Anyone in the Atlanta area can attest to how dreary and frustrating it’s been to wake up to recent days of endless rain. I feel like it’s been raining for months straight! Memes are starting to pop up on Facebook naming us Atlantis or Seattle, Georgia. Oh and the MUD! I have two huskies that go and sit in mud puddles in the back yard – you wouldn’t believe what my carpet and furniture looks like, despite daily cleanings.
But dreariness and carpet mud cakes are not the only side effects of bad weather. I’m hearing from parents and teachers that children have been especially wild, fidgety, irritable and aggressive during this endless bout of downpours. In fact, low pressure systems have long been linked to increased behavior problems in children. In my own household, I’m seeing its effects as well. My son is much more “in your face,” making increased noises, and treating almost every object in our living room as if it’s a soccer ball and he’s Pelé, going for the winning goal. My daughter has been extremely achy, moody and depressed. But then again, she’s 17. Isn’t this normal for a teenage girl?
What is barometric pressure?
Barometric pressure is the weight of the overlying air pressing down on the earth. It is also known as air pressure. Low barometric pressure means the overlying air is rising, whereas high pressure means the overlying air is sinking. High barometric pressure supports sunny, clear, and favorable weather conditions. Low barometric pressure promotes rainy and cloudy weather conditions.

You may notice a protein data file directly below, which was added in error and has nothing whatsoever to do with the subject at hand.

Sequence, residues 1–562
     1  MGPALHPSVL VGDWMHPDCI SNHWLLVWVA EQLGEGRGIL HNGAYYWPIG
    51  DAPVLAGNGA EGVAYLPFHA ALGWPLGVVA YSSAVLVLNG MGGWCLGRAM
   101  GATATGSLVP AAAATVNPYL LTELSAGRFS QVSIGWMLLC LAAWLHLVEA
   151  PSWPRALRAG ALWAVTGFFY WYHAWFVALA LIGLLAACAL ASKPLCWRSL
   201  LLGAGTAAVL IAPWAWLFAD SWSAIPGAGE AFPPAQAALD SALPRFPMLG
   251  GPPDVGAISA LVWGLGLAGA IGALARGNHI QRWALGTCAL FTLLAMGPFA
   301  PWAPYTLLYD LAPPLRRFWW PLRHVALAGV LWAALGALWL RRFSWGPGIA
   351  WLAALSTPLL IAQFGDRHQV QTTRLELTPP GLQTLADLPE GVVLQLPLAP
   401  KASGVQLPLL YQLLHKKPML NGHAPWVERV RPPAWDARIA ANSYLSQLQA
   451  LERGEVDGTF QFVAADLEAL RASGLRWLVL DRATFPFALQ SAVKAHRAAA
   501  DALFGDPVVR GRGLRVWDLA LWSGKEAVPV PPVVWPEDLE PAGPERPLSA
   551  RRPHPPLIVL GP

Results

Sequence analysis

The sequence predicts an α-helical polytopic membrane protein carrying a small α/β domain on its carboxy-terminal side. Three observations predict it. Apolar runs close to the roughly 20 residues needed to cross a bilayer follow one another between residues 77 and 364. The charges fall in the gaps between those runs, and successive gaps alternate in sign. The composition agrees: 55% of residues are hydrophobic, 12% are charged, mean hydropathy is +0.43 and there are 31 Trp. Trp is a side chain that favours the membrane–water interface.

The Canadian Psychiatric Association published a study concluding that, “low barometric pressure is associated with an increase in impulsive behaviours.”
It seems to be magnified in children who already struggle with impulsivity or behavior issues. On a forum called Healthboards.com, a teacher that works at a Jr. High school noted that it has a big impact on the behavior of her students (especially the 7th graders). Students who have a tendency to be impulsive or hyperactive are particularly impacted. Another parent stated that their 7 year old (PDD-NOS) has always been sensitive to this, noticing a correlation between his moods, behaviors, aches and pains and the pressure in the air. You can read their specific comments here.
Tips for Weather-Related Autism Behaviors
Expect increased calls or issues during bad weather and low pressure systems. If you are responding to a call involving someone with autism, increased aggression, anxiety, impulsive behaviors and sensory issues may occur.
It is especially important to try and reduce sensory triggers and keep the environment as calm as possible. Even a small effort to district with a tactile object (such as a piece of gum or a slinky) may help de-escalate someone in a meltdown.
Be prepared to wait it out. Once you know there’s a reason for the behavior, it’s generally easier to get through it. The storm will pass, in more ways than one. Let’s hope Atlanta’s rain will do the same!